Even though a number of changes may be cited as the effect of the rail boycott agitation, the single most important outcome of the programme was a paradigm shift in the mindset of the public towards the concept of peaceful agitation for achieving their goals. Till date, the mood predominant among the general public of Mumbai towards issues of the common man had been mostly cold – hearted, or, in some rare instances, shifting towards the other extreme, resorting to outright violence. Contrary to this insensitive behaviour, the boycott call ensured that the people of Suburban Mumbai lined up voluntarily to sacrifice a day for a common cause, without any force applied. This change is by no means a mean achievement.
Further, from the point of view of the ‘Pravaas Adhikar Andolan Samiti’, the huge success the boycott call had achieved meant a lot more. The voluntary response of the people to the boycott call was the logical culmination of the emergence and steady rise of PAAS as a widely accepted leading force in the people’s struggle towards a better tomorrow. The people have rightly identified PAAS as a reliable support that they can count on to extend a helping hand when their interests are at stake. This recognition has, in turn, added more responsibility on the shoulders of the members and volunteers of PAAS. People have started looking up to them as a formidable team capable of pulling off miracles in tackling the various burning issues they are facing in their day - to - day life. From now on, the PAAS team is not merely a group operating on a single - point agenda of alleviating the hardships of railway commuters. They have a vast arena to play on.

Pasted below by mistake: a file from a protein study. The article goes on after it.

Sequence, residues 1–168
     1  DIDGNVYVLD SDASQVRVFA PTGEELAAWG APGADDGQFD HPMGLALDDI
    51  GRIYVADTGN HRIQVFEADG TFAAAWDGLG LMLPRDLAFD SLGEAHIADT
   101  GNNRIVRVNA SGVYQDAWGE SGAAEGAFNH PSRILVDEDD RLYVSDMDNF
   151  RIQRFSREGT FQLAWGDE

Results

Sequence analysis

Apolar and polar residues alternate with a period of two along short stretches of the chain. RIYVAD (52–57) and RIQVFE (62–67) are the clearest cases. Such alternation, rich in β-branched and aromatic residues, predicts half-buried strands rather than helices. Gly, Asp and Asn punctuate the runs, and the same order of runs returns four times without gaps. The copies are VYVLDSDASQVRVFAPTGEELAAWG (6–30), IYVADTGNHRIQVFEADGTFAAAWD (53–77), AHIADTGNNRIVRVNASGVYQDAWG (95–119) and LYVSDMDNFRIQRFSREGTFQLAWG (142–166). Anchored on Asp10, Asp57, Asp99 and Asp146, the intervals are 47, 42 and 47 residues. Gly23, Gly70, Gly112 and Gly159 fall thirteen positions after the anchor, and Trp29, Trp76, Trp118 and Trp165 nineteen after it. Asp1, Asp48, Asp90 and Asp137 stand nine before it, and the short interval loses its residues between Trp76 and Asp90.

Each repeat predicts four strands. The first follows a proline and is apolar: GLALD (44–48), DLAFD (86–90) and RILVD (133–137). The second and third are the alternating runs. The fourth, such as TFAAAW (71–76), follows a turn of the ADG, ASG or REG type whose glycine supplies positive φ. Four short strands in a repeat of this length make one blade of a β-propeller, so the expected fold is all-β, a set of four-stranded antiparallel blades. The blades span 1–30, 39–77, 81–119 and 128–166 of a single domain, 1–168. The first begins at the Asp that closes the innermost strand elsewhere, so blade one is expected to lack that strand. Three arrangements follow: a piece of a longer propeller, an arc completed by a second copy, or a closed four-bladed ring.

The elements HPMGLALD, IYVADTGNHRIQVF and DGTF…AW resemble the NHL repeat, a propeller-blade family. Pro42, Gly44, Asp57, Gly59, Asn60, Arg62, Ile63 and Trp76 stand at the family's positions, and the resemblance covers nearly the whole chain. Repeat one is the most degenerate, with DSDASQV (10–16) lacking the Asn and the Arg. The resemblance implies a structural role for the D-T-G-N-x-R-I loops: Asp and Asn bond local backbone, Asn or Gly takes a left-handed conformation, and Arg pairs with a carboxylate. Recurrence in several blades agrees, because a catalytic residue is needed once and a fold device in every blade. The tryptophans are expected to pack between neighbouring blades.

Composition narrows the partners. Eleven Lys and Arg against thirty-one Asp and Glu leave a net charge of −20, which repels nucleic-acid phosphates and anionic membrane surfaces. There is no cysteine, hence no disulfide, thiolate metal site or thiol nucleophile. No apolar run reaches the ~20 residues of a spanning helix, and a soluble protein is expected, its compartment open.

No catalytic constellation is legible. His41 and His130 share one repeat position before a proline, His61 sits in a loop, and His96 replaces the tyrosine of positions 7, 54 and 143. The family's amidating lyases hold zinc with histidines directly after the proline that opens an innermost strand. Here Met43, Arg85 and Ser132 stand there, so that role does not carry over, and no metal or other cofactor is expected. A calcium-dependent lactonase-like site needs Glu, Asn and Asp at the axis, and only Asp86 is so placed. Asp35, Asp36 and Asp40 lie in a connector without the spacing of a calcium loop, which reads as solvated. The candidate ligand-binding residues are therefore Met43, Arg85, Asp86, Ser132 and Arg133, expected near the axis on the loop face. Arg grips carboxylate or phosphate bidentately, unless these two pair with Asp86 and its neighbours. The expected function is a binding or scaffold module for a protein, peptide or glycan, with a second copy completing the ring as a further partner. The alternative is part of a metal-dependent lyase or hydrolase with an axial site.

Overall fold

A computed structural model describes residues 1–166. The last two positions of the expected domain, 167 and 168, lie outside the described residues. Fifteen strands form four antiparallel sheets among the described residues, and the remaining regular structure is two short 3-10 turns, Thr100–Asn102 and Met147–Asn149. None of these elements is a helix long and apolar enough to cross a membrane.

Another aspect that can’t be overlooked is the ‘political success’ of the DYFI (and CPI (M)), the real brain behind this agitation. Right from the beginning, it was the activists of DYFI who played all the vital roles in the railway agitation. Even though they had deliberately stepped back and projected ‘Pravaas Adhikar Andolan Samiti’ as an apolitical mass organization, it was pretty clear from the very outset that almost entire activities of the Samiti were being carried out by none other than the leaders and activists of DYFI. Their inherently weak organizational strength notwithstanding, they dared to step out and lead the movement from the front. They took the right issue up and made all the right moves along a path that no other political party had ever dared to tread. They rightly chose the most burning issue that nobody could avoid and yet every party and every leader chose to conveniently side - step. Quite understandably, when DYFI came forward to take the issue up and subsequently proved their mettle with their no - nonsense attitude and moves, they could harness commendable public support, so much so that every other political party and group which was anything to be reckoned were left with no choice but to accord support to the movement and play second fiddle to the hand - full of leaders of DYFI and CPI (M). When a party like Shivsena that needs no introduction anywhere in Mumbai come forward willingly to support a movement initiated by DYFI and even call upon its leaders to provide guidance to their activists, it won’t require the brains of a political expert to assess and appraise the success the organization has achieved.